Through the window

ImageWhen you stand outside my window and look in what do you see? Do you see a family sitting down to dinner with their two and a half-year old still in a high chair? Do you see a family sitting at the table for dinner and their son has headphones on and his iPad next to him? When you look through our windows what do you see? The view from the outside isn’t all that different from what any other family. We sit at the table and eat our meals together, we help our kids with whatever task they are working on at the moment. We sit down to watch movies at night for a family fun night. When you look at our family from the outside you will never see the struggles we manage.

From the inside however our world may seem out of control. We have a two and a half-year old that has to sit in her high chair during meals, a five-year old that doesn’t wear clothes. You will see a mom that makes more than one dinner because the chicken felt funny in her child’s mouth today but the chicken nuggets we have to have for lunch were perfectly okay. You may see a five-year old little boy who talks up a storm, but can tell you why he is angry so he growls at you. Or he hisses when he is upset and frustrated with the things in environment. You may hear a two and a half-year old screaming and throwing herself on the ground when she can’t figure something out, because she can’t ask for help.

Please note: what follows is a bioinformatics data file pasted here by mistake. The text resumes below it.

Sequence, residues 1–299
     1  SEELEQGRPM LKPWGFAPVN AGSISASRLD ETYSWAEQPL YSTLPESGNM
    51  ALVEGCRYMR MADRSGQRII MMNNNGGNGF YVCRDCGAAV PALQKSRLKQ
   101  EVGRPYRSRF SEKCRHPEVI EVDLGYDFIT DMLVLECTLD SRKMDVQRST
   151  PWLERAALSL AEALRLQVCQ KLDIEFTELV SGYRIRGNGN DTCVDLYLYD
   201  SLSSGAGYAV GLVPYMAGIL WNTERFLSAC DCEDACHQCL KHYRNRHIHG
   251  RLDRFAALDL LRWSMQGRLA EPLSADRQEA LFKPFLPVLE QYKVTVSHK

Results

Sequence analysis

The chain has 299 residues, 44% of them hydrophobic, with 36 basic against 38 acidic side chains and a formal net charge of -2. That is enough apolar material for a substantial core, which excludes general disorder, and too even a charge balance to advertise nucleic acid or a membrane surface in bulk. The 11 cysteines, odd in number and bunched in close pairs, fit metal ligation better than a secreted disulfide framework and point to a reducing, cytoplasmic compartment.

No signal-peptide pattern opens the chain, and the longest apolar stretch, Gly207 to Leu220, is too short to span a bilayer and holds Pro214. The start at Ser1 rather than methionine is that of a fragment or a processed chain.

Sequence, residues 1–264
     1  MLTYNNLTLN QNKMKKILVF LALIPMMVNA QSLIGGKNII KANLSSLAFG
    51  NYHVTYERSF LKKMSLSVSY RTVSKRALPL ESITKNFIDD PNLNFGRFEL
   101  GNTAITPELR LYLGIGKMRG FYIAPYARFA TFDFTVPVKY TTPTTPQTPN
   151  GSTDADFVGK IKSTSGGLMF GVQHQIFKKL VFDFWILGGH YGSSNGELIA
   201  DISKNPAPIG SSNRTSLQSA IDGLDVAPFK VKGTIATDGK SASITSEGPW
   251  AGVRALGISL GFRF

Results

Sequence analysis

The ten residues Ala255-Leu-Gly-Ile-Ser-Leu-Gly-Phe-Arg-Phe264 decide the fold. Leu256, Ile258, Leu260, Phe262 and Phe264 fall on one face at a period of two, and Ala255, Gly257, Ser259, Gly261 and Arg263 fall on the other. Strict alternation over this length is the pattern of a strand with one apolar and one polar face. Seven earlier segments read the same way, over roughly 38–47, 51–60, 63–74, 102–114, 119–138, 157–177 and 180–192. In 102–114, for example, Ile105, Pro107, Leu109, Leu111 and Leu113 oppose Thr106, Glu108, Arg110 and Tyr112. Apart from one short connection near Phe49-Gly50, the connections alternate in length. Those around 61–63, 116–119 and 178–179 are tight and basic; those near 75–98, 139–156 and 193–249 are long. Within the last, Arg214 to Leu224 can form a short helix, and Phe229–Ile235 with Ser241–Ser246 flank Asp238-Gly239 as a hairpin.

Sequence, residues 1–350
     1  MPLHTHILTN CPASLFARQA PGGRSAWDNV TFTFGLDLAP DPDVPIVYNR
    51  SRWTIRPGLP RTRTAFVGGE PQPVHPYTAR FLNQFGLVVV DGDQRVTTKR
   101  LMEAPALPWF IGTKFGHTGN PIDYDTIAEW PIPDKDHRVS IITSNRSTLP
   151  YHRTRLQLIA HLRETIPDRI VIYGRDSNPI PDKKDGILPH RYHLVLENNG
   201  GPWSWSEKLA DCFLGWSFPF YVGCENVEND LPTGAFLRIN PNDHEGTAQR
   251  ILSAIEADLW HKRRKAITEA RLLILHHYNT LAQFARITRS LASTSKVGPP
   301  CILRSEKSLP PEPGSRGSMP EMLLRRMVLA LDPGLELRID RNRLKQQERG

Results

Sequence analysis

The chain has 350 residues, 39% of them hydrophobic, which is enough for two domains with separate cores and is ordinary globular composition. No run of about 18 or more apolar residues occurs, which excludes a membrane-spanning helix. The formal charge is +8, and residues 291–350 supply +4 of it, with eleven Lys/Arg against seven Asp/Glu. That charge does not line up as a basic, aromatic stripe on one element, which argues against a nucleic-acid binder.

If you step into our world, you may think we cater to our kids and they are spoiled. You may think that they are behaving poorly or throwing a tantrum to get their way. You may feel that I should discipline my son when he is hitting, punching, kicking, or biting me. You may even wonder why the younger two of my kids will screech and scream at random times or get so close to your face that you are uncomfortable beyond measure.

When you step inside my house, you may see a mom who covers hears when the noises are too loud or the white noise and feedback from speakers feel like nails on a chalkboard. You may find a mom who is tapping her fingers while she searches for the words to explain something she is feeling. Or a mom who no matter how much she loves her three kids, just can’t take that hug right now. It isn’t a cold-hearted mom, it is a mom who is doing her best to handle the sensory input around her.

If you step into our home, you will experience how our family is faced with the struggles of autism, bipolar disorder, ADHD and Sensory Processing Disorder. Our home, while it seems crazy, is quite normal for us. Our autism is different from other family’s Autism. It is ours and theirs is theirs. We all understand the struggles that this journey brings and we can take comfort in one another’s journeys, but each is different.

When you step inside our home, please remember the family you watched from the window is still the family inside that home. We are perfect in our unique and quirky ways.

Welcome to inside our home!

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